AIM Triton 1.2 preview edition reflects AOL's efforts to package a bundle of communications services within one little application. Its goodies include drag-and-drop file and photo sharing, along with the ability to reserve a local phone number. Unfortunately, while your buddies can chat with you by voice or video and anyone with a telephone can ring your AIM phone number, you'll have to pay a monthly fee to make outbound calls from Triton.
AOL's instant-messaging brand, AIM, has stiff competition that includes Yahoo Messenger with Voice and Windows Live Messenger. As those rivals now allow users to chat with each other, their combined user base exceeds that of AIM. Rumors abound that AIM will join this alliance, but at this point no such developments exist.
In our tests, it took about a minute to download AIM Triton 1.2 preview. Think before you click during installation to avoid placing yourself on advertising lists or changing the default options on your system. For example, uncheck the options for installing AOL Explorer and Toolbar if you don't need them.
We were able to log in to AIM Triton beta with a handle from a canceled AOL account, but oddly, we couldn't use that handle to set up AIM's free Phoneline calling service. Instead, to obtain an AIM Phoneline telephone number, we created a new sign-in name and password.
The narrow, blue-and-white interface of AIM Triton is easy to scoot to the edge of your screen, leaving desktop space for other tasks, and we found it less obtrusive than its Yahoo and Windows Live rivals. Within its interface, AIM Triton displays small icons linking to other AOL properties--Mail, Talk Center, Video and Radio--as well as, unfortunately, a rotating graphical ad. The File, Edit, and View drop-down menus are easy to figure out, and a handy contact-search field lies below the Buddies and Addresses tab.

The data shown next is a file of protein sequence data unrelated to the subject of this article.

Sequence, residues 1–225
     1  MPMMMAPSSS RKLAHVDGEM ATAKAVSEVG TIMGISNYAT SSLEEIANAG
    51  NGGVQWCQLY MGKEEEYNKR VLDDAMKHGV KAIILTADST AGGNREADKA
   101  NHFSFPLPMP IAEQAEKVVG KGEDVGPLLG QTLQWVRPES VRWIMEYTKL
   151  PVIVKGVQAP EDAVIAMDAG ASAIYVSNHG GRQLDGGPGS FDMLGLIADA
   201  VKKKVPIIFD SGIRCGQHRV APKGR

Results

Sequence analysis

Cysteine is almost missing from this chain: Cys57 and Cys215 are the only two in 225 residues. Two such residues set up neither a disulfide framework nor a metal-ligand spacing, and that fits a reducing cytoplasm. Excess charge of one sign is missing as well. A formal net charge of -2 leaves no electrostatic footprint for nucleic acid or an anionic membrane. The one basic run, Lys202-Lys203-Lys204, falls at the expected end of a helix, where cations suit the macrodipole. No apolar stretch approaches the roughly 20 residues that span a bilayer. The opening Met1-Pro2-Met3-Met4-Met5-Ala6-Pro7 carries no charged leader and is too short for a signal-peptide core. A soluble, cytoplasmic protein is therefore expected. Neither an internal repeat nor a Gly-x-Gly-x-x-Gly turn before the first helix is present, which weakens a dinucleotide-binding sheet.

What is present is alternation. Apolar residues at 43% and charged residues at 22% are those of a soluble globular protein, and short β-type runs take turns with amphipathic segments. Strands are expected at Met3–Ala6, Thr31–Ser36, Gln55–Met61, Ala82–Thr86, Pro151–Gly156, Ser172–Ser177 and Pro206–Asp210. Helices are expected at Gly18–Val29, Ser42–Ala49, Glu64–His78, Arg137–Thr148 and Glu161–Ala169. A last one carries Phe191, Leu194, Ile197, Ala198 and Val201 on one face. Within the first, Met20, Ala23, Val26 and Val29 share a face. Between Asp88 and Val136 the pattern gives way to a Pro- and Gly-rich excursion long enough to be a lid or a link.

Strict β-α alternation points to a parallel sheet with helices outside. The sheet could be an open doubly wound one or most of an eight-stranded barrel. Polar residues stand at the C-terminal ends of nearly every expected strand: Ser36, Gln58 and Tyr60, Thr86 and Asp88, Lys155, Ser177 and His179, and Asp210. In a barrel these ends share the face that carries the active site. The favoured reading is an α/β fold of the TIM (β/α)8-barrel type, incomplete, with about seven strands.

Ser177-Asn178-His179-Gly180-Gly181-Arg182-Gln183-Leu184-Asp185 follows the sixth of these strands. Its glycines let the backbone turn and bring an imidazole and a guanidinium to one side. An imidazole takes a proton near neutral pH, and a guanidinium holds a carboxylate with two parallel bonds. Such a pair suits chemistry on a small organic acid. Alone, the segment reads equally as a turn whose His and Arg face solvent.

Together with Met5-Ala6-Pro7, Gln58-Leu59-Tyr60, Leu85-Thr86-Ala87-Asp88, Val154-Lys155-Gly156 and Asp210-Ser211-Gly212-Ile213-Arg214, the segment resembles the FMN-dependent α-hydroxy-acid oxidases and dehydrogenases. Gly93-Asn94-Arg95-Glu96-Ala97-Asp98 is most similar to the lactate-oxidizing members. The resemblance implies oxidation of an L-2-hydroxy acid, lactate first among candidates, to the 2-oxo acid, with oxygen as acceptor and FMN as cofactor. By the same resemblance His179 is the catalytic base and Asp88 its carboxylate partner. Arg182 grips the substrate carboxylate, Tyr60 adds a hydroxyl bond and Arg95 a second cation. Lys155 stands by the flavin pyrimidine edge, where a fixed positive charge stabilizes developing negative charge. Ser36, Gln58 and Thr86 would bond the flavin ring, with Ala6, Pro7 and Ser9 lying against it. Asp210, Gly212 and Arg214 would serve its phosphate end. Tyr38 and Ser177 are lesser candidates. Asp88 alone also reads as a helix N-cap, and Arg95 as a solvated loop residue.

The chat window is well designed, with tabs for messaging via text, voice, or video and for sharing pictures and files. But type into the Search the Web field and, unlike the embedded search of Yahoo Messenger with Voice 8 beta, AIM opens another browser window. Our main beef with Triton's interface isn't the design of the app itself, but the way its links kept littering our desktop with browser windows.
To dress up your chatting, you can click AOL Expressions from the Edit menu and pick from both noncommercial and branded backgrounds and avatars that dance and sing. However cute a talking starfish may be for kids, after a day of the cartoon's wisecracks, we reverted to our bare-bones, icon-free Triton backdrop. If you prefer an emoticon-free, encrypted chatting service for the office, we recommend trying AIM Pro.